Ginnis’ skiing silver is Greece’s 1st big winter sport medal

AJ Ginnis’ long journey to skiing glory began on the relatively obscure slopes of Mount Parnassus north of Athens, took him briefly to the Austrian Alps as a teenager, then over to Vermont and eventually a spot on the U.S. ski team.
AJ Ginnis’ long journey to skiing glory began on the relatively obscure slopes of Mount Parnassus north of Athens, took him briefly to the Austrian Alps as a teenager, then over to Vermont and eventually a spot on the U.S. ski team.

6 knee surgeries later — three ACLs, one MCL plus operations to repair “a bunch of meniscus and cartilage damage” — Ginnis is now a member of the Greek team and his second-place finish in slalom at the Alpine skiing world championships on Sunday earned Greece its first major medal in a Winter Olympic sport.

“You put Greece on the map,” Johan Eliasch, president of the International Ski and Snowboard Federation, told Ginnis before placing the silver medal around the skier’s neck at the awards ceremony to conclude the final event at worlds.

When the U.S. ski team disbanded its men’s slalom team in 2018 as Ginnis struggled with his injuries, the skier was inspired by Greek tennis players Stefanos Tsitsipas and Maria Sakkari to start competing for his birth nation.

“They opened a door into a new sport,” Ginnis said. “So whether it’s skiing or the next sport that starts taking off in Greece, I just hope (my medal) acts as an inspiration.”

Ginnis stood second after the opening run and held his position through deep ruts that constantly threatened to knock him off course to finish 0.20 seconds behind Norwegian winner Henrik Kristoffersen.

Ginnis already became the first skier from Greece on a World Cup podium

“It’s just a dream, the last two weeks. History for Greece, best moment in my career,” Ginnis said. “I can’t believe it. I don’t know what happened. During the (second) run I thought it was not enough and I just gave everything in the last gates.”

After the first run, Ginnis said he had no pressure.

“I ski for Greece, so I ski free,” he said, adding with a laugh that he prayed to “all 12” Greek gods before the race.

Kristoffersen posted the fastest-second run time and improved from 16th position after the opening run. Alex Vinatzer finished 0.38 behind to take bronze and earn the Italian men their first medal at these worlds.

First-run leader Manuel Feller of Austria dropped to seventh.

Ginnis was born in Greece and learned to ski at Mount Parnassus, a 2 ½-hour drive from Athens. At 12 he moved to Austria with his father, a ski instructor who ran a ski shop near the Parnassos Ski Center, then on to the United States and competed for the U.S. at the 2017 worlds.

He’s now coached by two friends, Sandy Vietz and Gaby Coulet, who roomed together at the University of Vermont.

“He went to chase his dream for Greece after so many injuries and he never let go,” Coulet said. “He’s a role model of perseverance and also sportsmanship.”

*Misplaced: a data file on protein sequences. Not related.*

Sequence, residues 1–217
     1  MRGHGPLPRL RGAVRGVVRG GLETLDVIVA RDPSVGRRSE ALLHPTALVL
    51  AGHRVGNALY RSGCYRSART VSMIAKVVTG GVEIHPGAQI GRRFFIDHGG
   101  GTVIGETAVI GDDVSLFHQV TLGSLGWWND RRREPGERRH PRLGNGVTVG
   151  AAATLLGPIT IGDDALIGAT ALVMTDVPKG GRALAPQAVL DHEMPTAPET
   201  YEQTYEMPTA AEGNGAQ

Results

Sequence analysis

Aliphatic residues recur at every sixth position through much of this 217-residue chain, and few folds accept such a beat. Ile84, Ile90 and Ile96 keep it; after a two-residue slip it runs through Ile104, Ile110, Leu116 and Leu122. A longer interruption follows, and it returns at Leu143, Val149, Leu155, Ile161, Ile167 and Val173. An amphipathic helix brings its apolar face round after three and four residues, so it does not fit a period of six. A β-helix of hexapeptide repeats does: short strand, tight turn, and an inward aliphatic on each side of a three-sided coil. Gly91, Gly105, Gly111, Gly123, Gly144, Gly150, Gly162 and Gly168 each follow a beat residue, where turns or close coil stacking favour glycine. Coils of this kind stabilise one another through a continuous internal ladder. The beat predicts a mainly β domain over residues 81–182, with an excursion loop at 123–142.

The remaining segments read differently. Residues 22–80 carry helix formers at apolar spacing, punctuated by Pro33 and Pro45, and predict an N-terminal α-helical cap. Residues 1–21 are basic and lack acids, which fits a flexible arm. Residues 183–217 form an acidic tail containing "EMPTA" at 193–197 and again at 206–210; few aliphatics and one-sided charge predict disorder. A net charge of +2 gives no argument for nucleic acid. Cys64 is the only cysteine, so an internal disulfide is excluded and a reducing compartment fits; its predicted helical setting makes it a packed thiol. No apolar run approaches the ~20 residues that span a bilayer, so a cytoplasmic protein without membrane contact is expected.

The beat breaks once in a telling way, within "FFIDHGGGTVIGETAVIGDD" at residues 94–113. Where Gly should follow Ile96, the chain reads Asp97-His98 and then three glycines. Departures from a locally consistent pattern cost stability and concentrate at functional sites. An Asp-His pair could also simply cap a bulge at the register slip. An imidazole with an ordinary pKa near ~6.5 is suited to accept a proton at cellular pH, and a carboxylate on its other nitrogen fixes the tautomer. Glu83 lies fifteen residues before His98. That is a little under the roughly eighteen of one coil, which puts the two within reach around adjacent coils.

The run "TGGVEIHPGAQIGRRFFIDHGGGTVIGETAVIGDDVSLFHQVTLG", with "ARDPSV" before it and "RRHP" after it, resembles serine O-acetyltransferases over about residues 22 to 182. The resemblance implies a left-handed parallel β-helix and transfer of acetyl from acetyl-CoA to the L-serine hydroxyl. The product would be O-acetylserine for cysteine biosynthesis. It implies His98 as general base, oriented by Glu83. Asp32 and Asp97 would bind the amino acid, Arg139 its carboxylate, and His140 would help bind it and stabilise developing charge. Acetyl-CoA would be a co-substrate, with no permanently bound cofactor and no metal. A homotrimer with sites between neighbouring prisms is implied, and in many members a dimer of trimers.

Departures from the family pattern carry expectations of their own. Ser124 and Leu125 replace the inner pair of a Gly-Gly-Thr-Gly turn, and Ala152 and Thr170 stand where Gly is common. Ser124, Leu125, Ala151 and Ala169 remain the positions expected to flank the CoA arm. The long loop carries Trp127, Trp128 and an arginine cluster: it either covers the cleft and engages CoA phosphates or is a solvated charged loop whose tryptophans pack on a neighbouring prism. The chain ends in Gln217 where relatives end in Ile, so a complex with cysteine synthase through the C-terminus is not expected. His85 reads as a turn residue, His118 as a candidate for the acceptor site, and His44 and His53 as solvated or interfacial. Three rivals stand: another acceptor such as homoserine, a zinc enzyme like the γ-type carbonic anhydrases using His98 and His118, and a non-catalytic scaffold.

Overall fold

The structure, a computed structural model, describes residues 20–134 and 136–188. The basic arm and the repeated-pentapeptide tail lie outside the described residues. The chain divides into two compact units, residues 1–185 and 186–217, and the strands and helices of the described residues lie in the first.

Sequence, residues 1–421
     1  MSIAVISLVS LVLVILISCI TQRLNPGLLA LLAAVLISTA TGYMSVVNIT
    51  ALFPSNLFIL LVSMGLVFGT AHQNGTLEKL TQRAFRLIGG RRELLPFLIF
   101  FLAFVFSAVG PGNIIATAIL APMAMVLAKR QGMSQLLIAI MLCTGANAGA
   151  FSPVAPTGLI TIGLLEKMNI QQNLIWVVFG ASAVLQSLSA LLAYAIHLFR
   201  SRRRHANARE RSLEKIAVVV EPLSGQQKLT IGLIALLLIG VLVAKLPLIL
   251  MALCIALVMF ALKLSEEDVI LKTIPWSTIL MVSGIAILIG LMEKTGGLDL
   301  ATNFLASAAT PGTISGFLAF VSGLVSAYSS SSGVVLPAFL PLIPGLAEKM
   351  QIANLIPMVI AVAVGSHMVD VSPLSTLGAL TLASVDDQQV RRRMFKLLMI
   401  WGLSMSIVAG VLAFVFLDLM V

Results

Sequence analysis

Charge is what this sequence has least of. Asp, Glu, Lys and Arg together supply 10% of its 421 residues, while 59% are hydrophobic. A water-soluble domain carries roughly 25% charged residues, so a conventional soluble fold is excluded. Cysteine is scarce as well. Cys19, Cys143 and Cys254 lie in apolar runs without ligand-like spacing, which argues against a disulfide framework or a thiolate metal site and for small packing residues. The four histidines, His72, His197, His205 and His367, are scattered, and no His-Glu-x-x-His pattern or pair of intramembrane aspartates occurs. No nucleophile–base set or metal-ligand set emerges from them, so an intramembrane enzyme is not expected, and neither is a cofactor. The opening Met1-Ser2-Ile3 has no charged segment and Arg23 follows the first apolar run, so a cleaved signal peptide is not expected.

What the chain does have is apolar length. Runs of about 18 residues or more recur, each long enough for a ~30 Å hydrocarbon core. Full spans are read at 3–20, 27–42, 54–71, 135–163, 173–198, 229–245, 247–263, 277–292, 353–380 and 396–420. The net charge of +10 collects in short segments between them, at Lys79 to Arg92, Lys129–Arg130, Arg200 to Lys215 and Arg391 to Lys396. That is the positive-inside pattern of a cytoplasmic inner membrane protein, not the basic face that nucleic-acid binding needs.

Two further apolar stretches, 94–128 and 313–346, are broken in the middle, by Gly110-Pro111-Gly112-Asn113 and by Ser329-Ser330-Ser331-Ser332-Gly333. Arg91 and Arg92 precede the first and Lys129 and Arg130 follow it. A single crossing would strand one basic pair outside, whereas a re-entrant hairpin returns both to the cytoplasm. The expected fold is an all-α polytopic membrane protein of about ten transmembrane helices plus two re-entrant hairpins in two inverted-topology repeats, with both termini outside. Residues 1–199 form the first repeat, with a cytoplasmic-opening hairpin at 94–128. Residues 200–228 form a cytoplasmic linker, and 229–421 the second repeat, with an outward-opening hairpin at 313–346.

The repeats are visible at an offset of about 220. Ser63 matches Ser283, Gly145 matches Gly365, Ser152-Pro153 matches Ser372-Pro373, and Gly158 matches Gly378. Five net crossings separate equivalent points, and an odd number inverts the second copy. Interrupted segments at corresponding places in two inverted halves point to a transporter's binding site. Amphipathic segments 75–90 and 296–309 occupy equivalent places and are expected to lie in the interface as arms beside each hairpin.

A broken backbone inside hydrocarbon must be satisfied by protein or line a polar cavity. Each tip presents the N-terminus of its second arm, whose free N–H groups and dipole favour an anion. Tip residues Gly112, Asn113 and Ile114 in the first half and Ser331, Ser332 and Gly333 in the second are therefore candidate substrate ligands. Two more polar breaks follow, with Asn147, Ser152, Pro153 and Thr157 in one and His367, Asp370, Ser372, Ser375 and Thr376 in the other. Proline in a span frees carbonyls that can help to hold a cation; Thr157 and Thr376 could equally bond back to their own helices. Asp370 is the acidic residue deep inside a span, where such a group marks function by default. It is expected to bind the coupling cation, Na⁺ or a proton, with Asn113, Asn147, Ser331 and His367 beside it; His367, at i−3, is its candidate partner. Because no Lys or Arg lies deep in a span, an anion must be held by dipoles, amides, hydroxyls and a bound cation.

Ginnis doesn’t blame the U.S. team for letting him go.

“All credit to them. They did develop me. I think for me it was like a will of wanting to ski for my home country because I did grow up there and then for them, I was a really injured athlete,” said Ginnis, who now competes with braces on both knees under his racing suit.

“So I don’t blame them at all for cutting the team when they did. It sure made things harder for me. But, hey, I’m here ... so I’m not complaining.”

American skier Luke Winters, one of Ginnis’ former teammates, was impressed.

“He’s always had the speed. It’s good to see him consistently put it in there,” Winters said. “It’s just how the sport goes. All of a sudden, you figure it out and some people can go right to the top.”

Kristoffersen earned his econd world title after winning gold in giant slalom four years ago. He became the 10th man to win both world titles in the tech disciplines.

“That’s a prestigious list to be on,” Kristoffersen said.

Kristoffersen switched his equipment supplier in the offseason, joining the ski brand founded by his former rival and record-eight time overall champion Marcel Hirscher, who retired in 2019.

With Feller losing his first-run lead, Austria was left without a gold medal for the first time in 36 years at worlds — since Crans Montana in 1987 — ahead of hosting the next worlds in Saalbach-Hinterglemm in 2025.

Lucas Braathen shared second position with Ginnis after the opening run but dropped to seventh in a tie with Feller.

Braathen, who leads the season-long World Cup slalom standings, competed less than three weeks after he underwent surgery for appendicitis.

Olympic champion Clement Noel missed the podium by three-hundredths in fourth place, and defending champion Sebastian Foss-Solevaag of Norway finished 19th.

Switzerland led the final medals table with three golds and seven medals in total, ahead of Norway with two golds and nine medals overall.

The U.S. team also had two gold medals, from the team event and from Mikaela Shiffrin’s giant slalom victory.